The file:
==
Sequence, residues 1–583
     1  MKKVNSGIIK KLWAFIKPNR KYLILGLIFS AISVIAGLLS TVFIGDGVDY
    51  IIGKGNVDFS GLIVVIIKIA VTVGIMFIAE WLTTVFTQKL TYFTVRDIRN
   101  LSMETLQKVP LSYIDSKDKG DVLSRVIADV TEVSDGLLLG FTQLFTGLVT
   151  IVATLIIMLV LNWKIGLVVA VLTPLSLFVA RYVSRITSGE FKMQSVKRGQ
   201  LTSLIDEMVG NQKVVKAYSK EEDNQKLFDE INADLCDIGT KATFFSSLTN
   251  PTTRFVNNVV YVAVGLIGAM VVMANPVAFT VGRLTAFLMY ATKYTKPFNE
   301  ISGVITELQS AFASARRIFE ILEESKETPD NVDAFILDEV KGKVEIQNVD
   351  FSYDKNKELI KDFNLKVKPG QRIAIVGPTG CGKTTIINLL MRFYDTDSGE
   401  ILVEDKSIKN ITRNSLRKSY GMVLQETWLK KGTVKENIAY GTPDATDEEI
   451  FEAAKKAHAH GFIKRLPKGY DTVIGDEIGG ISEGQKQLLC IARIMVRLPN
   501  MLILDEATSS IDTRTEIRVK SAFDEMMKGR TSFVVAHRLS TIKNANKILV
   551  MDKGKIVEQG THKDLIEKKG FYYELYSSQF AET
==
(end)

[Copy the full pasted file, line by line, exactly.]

Sequence, residues 1–583
     1  MKKVNSGIIK KLWAFIKPNR KYLILGLIFS AISVIAGLLS TVFIGDGVDY
    51  IIGKGNVDFS GLIVVIIKIA VTVGIMFIAE WLTTVFTQKL TYFTVRDIRN
   101  LSMETLQKVP LSYIDSKDKG DVLSRVIADV TEVSDGLLLG FTQLFTGLVT
   151  IVATLIIMLV LNWKIGLVVA VLTPLSLFVA RYVSRITSGE FKMQSVKRGQ
   201  LTSLIDEMVG NQKVVKAYSK EEDNQKLFDE INADLCDIGT KATFFSSLTN
   251  PTTRFVNNVV YVAVGLIGAM VVMANPVAFT VGRLTAFLMY ATKYTKPFNE
   301  ISGVITELQS AFASARRIFE ILEESKETPD NVDAFILDEV KGKVEIQNVD
   351  FSYDKNKELI KDFNLKVKPG QRIAIVGPTG CGKTTIINLL MRFYDTDSGE
   401  ILVEDKSIKN ITRNSLRKSY GMVLQETWLK KGTVKENIAY GTPDATDEEI
   451  FEAAKKAHAH GFIKRLPKGY DTVIGDEIGG ISEGQKQLLC IARIMVRLPN
   501  MLILDEATSS IDTRTEIRVK SAFDEMMKGR TSFVVAHRLS TIKNANKILV
   551  MDKGKIVEQG THKDLIEKKG FYYELYSSQF AET